The Luck of the Mounted eBook

This eBook from the Gutenberg Project consists of approximately 241 pages of information about The Luck of the Mounted.

Ding! dong!—­hook, jab, uppercut, block, and swing; in and out, back and forth, side-stepping and head-work—­one long exhausting round.  Flesh and blood could not stand the pace—­though it was Redmond now who forced it.  Neither of the men was in training and the long strain began to tell upon them both cruelly—­especially upon the veteran Yorke.  Still, with frosted hair and streaming faces, the sweat-soaked, bruised and bleeding combatants staggered against each other and strove to make play with their weary arms, until utter exhaustion rang the time gong.

Gasping and swaying to and fro, his puffed lips wreathed into a ghastly semblance of his old scornful smile, Yorke dropped his guard and stuck out his chin.  He mouthed and pointed to it tauntingly.  In spite of himself, a sorry grin flickered over George’s battered, weary young face.  He mouthed back—­speech was beyond either; sagging at the knees he reeled forward and his right arm went poking out in a wobbling, uncertain punch.

It glanced harmlessly over Yorke’s shoulder, but the violent impact of his body sent the other heavily to the ground.  An ineffectual struggle to maintain his equilibrium and he, too, fell—­face downwards, with his head pillowed on Yorke’s heaving chest.


  We’re poor little lambs who’ve lost our way,
      Baa!  Baa!  Baa! 
  We’re little black sheep who’ve gone astray,
  Gentlemen-rankers out on the spree,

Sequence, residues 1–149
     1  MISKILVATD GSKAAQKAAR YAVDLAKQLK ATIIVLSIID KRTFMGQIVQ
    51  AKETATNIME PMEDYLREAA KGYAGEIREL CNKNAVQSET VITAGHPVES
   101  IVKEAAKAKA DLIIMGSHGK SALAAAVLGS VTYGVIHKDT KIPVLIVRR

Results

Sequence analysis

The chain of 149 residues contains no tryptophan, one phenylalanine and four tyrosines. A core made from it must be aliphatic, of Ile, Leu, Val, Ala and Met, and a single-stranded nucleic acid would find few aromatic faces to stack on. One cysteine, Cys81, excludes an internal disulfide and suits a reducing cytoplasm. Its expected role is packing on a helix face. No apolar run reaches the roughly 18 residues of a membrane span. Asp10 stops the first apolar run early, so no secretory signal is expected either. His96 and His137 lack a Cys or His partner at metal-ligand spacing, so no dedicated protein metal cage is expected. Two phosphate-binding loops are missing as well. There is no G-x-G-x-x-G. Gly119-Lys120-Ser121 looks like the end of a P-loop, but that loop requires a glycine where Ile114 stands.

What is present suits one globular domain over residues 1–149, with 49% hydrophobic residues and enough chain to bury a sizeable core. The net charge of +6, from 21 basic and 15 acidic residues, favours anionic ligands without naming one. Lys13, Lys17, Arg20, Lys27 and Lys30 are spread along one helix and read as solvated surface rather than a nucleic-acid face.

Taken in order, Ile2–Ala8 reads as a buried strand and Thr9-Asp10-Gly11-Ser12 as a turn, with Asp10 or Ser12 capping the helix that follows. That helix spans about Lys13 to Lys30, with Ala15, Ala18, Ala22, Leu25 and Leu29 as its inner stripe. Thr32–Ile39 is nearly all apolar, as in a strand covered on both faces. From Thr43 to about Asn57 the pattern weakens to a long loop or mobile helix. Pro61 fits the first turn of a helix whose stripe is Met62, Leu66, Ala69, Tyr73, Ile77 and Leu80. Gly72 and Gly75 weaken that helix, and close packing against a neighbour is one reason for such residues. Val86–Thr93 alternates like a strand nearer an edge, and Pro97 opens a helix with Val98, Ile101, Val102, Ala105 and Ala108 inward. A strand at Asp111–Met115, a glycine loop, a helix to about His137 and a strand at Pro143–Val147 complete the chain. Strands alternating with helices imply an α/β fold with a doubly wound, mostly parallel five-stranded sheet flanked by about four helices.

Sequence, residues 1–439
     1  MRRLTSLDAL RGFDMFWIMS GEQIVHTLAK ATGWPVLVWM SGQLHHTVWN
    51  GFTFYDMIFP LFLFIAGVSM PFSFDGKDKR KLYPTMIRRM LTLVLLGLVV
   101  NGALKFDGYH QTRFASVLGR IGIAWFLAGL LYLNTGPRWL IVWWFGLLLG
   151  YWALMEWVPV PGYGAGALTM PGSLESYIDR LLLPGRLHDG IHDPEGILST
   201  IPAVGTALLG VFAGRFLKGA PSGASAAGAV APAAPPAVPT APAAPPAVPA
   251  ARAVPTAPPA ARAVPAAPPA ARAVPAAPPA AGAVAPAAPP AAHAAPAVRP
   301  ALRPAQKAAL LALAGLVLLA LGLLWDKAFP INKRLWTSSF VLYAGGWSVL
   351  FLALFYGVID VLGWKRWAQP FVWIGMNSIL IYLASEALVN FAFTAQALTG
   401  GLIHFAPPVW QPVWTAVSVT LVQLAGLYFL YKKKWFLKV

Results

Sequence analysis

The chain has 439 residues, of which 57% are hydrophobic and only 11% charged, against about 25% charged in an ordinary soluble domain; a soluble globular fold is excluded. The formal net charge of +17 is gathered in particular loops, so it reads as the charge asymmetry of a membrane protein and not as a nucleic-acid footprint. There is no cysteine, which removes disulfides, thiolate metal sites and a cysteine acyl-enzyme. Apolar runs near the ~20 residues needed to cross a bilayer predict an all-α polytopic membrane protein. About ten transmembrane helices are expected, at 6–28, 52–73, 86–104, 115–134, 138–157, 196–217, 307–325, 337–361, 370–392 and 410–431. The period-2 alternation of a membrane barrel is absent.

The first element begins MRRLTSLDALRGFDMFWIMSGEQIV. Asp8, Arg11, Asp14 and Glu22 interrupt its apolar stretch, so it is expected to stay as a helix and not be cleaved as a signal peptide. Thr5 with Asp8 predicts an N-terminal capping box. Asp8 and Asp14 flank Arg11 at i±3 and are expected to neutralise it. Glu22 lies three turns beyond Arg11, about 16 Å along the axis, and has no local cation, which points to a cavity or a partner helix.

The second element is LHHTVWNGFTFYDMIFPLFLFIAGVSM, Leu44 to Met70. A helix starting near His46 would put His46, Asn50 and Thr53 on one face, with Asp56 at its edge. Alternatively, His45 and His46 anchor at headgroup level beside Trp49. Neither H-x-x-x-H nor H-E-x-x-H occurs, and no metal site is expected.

Damned from here to Eternity,
  God ha’ mercy on such as we,
      Baa!  Yah!  Bah! 

A great peace lay upon the frozen landscape—­the deep, wintry peace of the vast, snow-bound Nor’West.  A light breeze murmured over the crisping snow, and moaned amongst the pines in the timber-lined spurs of the foothills.  High overhead in the sunny, dazzling blue vault of heaven a huge solitary hawk slowly circled with wide-spread, motionless wings, uttering intermittently its querulous, eerie whistle.

Awhile the two exhausted men lay gasping for breath—­absolutely and utterly spent.  Suddenly Yorke shivered violently and sighed.  Redmond raised himself off the prostrate form of his late opponent and, staggering over to the pile of their discarded habiliments, slowly and painfully he donned his fur coat and cap; then, picking up Yorke’s, he stumbled over to the latter.  The senior constable was now sitting up, with arms drooping loosely over his knees.  George wrapped the coat around the bowed shoulders and put on the cap.

“You’re cold, old man!” he said simply.  “We’d best get our things on now, and beat it.”

Wearily Yorke raised his head, and, at something he beheld in that disfigured, but unalterably-handsome face, Redmond’s heart smote him.

Project Gutenberg
The Luck of the Mounted from Project Gutenberg. Public domain.
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